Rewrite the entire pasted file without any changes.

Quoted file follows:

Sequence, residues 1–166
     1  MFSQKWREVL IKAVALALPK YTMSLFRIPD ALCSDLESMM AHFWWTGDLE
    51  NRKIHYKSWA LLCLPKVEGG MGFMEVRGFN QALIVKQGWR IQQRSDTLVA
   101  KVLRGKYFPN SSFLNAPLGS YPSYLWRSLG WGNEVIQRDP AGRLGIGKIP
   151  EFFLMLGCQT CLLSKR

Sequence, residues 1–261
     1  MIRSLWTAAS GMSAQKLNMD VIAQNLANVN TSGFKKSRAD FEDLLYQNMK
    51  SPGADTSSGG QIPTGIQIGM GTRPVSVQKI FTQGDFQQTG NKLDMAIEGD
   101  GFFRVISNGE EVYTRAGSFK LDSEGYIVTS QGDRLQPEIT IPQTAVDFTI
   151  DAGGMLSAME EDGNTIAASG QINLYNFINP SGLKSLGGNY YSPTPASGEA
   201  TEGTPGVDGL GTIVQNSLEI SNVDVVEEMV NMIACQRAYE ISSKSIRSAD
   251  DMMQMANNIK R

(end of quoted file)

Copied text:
Sequence, residues 1–166
     1  MFSQKWREVL IKAVALALPK YTMSLFRIPD ALCSDLESMM AHFWWTGDLE
    51  NRKIHYKSWA LLCLPKVEGG MGFMEVRGFN QALIVKQGWR IQQRSDTLVA
   101  KVLRGKYFPN SSFLNAPLGS YPSYLWRSLG WGNEVIQRDP AGRLGIGKIP
   151  EFFLMLGCQT CLLSKR

Sequence, residues 1–261
     1  MIRSLWTAAS GMSAQKLNMD VIAQNLANVN TSGFKKSRAD FEDLLYQNMK
    51  SPGADTSSGG QIPTGIQIGM GTRPVSVQKI FTQGDFQQTG NKLDMAIEGD
   101  GFFRVISNGE EVYTRAGSFK LDSEGYIVTS QGDRLQPEIT IPQTAVDFTI
   151  DAGGMLSAME EDGNTIAASG QINLYNFINP SGLKSLGGNY YSPTPASGEA
   201  TEGTPGVDGL GTIVQNSLEI SNVDVVEEMV NMIACQRAYE ISSKSIRSAD
   251  DMMQMANNIK R